Phishing is a type of social engineering attack that is often used to steal sensitive information from users. It happens when a hacker poses as a trustworthy person and convinces a victim to open an email, instant message, or text message. Phishing scams are spreading at an alarming pace and becoming increasingly difficult to detect. Reports show that 97% of users are unable to detect sophisticated phishing emails. Users are duped into clicking a malicious connection, which can result in malware installation, device freezing as part of a ransomware attack, or the disclosure of sensitive information.
The attackers spoof their email address to make it seem as if it came from someone else, create fake websites that look like ones the victim trusts, and disguise URLs with different character sets. Phishing scams prey on human error, driven by lack of attention and innocent mistakes. “They masquerade as familiar and reliable sources to convince victims that their messages are legitimate, deceive them into providing confidential and financial information, or persuade them into clicking on a link that downloads malicious software to infect their systems. Once the attempt succeeds, the attackers have an entry point into the network” says Ray Kafity, Vice President – Middle East Turkey and Africa (META) at Attivo Networks. The attackers simply need a single point of entry to get started on demolishing the entire IT infrastructure of a company.
Phishing is often used as part of a broader assault, such as an advanced persistent threat (APT) case, to gain a foothold in corporate or governmental networks. Employees are compromised in this situation to circumvent security perimeters, spread malware within a closed environment, or obtain unauthorized access to protected data. A company that falls victim to such an attack usually suffers significant financial losses as well as a loss of market share, prestige, and customer confidence. Depending on the scope, a phishing attempt could turn into a security incident from which a company would struggle to recover. A single spear-phishing attack is said to result in an average loss of $1.6 million.
With these losses in mind, companies need to understand the current pulse on phishing strategies and keep their solutions updated to overcome those. Though it is common to think that the attack statistics would not vary whether employees are working in the office or remotely, it is said not to be the case. There is a significant increase in this attack mode since more and more people choose to work remotely. This is mainly attributed to an increased number of emails being received by the employees on a daily basis.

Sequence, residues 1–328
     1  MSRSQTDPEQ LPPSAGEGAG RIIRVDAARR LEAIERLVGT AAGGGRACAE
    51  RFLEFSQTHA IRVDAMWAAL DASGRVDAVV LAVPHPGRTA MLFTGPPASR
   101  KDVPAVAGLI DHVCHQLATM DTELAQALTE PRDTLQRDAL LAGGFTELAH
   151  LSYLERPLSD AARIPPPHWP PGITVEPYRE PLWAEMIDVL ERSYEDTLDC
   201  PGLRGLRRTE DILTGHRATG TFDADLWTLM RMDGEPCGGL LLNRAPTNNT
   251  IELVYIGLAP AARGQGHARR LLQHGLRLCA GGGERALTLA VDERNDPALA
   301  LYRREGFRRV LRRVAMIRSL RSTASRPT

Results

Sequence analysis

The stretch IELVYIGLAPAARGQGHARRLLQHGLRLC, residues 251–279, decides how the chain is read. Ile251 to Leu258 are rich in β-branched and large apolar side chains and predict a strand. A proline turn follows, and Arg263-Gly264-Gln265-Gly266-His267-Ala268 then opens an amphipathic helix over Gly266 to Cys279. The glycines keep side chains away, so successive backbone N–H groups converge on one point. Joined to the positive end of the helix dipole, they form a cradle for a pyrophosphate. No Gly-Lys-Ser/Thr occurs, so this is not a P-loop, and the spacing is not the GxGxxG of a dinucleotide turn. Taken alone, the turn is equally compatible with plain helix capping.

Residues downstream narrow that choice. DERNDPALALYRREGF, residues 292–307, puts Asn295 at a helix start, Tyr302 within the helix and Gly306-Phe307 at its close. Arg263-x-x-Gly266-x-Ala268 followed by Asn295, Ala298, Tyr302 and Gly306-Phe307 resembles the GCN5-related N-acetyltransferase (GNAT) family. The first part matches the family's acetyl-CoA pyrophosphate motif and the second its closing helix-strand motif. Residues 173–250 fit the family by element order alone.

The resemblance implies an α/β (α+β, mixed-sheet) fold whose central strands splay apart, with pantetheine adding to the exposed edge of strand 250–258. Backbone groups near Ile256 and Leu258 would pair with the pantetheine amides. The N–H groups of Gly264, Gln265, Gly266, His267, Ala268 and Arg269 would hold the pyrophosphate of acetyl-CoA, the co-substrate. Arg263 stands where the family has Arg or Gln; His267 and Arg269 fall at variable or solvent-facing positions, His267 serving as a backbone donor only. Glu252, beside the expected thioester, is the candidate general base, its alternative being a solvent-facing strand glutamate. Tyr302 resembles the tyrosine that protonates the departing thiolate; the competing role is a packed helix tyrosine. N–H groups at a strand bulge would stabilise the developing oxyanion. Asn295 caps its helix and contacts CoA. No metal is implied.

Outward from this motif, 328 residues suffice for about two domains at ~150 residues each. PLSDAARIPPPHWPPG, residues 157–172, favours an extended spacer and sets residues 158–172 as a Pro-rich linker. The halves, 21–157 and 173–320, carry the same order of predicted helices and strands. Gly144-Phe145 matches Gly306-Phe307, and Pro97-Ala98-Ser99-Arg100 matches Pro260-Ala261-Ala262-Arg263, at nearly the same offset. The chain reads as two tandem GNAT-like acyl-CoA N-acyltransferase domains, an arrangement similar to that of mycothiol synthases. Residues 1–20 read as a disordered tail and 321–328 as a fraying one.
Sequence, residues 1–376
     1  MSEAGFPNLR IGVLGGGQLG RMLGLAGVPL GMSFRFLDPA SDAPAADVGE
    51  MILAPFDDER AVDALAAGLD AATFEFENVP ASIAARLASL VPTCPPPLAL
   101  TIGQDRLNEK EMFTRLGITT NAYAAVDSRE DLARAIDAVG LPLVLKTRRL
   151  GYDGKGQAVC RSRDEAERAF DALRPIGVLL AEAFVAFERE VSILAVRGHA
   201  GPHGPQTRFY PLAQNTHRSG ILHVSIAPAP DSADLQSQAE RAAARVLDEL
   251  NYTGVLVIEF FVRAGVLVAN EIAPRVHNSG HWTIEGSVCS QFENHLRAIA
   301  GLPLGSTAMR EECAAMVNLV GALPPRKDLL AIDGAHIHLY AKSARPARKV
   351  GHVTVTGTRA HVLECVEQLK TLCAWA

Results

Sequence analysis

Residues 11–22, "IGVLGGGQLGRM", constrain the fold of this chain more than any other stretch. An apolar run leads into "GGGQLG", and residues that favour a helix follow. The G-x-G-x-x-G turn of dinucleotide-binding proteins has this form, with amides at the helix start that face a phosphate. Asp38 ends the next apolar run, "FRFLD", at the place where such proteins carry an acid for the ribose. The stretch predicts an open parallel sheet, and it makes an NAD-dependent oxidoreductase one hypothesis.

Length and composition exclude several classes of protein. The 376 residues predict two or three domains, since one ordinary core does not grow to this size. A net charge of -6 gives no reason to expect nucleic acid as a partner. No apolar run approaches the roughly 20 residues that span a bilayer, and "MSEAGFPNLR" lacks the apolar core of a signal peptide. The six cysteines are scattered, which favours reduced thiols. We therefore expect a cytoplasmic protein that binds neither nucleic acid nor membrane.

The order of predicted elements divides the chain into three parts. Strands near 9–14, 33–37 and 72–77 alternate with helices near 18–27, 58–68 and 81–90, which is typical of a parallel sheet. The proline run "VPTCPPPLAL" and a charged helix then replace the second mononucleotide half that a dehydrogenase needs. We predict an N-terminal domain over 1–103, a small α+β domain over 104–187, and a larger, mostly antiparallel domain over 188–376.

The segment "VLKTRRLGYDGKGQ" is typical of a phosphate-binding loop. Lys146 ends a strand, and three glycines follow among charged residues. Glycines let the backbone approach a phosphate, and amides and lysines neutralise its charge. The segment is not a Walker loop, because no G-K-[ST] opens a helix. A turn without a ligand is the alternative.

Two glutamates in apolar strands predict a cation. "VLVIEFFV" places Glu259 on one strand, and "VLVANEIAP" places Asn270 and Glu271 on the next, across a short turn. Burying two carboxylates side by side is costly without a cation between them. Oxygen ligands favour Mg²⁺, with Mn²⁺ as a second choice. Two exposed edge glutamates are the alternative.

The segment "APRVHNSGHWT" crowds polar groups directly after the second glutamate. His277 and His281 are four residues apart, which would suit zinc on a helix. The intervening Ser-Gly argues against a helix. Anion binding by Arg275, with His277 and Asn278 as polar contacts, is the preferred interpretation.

“The key factor being manipulated and exploited in phishing campaigns are the organization’s employees and this is therefore where the vulnerability lies. Of course, cybercriminals are expertly skilled in creating compelling reasons for individuals to fall victim to their campaigns,” said Toni El Inati – RVP Sales, META & CEE, Barracuda Networks. “In an analysis conducted between October 2020 and January 2021, Barracuda researchers found that hackers are increasingly using vaccine-related emails in their targeted spear-phishing attacks. After pharmaceutical companies like Pfizer and Moderna announced the availability of vaccines in November 2020, the number of vaccine-related spear-phishing attacks increased by 12%. By the end of January, the average number of vaccine-related spear-phishing attacks was up 26% since October,” added El Inati.
The availability of phishing kits makes it simpler for cybercriminals to conduct phishing campaigns, even though they have only rudimentary technological skills. A phishing kit is a set of phishing website resources and tools that only include server installation. All the attacker has to do is send emails to potential victims after the malware has been installed. On the dark web, you can even find mailing lists. Those attackers who are technologically skilled use other methods also for phishing attacks.
“Phishing techniques are diverse, as cyberattackers have become more sophisticated and creative with their techniques. What unites these attacks is their common purpose: identity theft or transferring malware,” said Alain Penel, Regional Vice President – Middle East Fortinet. He further said that the most popular techniques are Spear Phishing, Whaling, Business Email Compromise or BEC attacks, Clone Phishing, Vishing and snowshoeing scheme. These are some of the most popular ones but cybercriminals use a variety of distribution methods to defraud company workers to accomplish their objectives. These include targeted and generic business emails requesting payment of invoices, inviting workers to sign in to cloud-based services to view or update an online document, or threatening to cancel an account or service unless immediate action is taken.
It is important to educate all the employees of any company about the dangers of phishing attacks and also how to avoid them. “Organizations should train their workforce to be wary of suspicious emails, learn to spot and report phishing attempts and make efforts to get employees up to speed with the evolving threats and new phishing techniques used by attackers,” said Tamer Odeh, Regional Director at SentinelOne in the Middle East.
In addition to preparation, there should be a protection solution in place that can automatically prevent code execution from phishing attacks – whether it’s a malicious attachment or fileless malware running in memory – as well as inspect encrypted traffic and implement firewall control to block known phishing domains. The only way to reduce risk within an organization is with a comprehensive security strategy that includes people, process, and technology.